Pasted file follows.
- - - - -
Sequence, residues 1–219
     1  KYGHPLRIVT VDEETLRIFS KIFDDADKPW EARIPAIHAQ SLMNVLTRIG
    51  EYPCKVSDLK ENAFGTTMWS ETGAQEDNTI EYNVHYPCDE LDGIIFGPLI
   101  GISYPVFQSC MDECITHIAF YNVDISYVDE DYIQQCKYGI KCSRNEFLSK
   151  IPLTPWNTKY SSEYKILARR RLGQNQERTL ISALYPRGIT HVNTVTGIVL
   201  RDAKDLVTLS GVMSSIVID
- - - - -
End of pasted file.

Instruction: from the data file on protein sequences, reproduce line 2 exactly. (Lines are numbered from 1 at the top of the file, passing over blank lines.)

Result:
     1  KYGHPLRIVT VDEETLRIFS KIFDDADKPW EARIPAIHAQ SLMNVLTRIG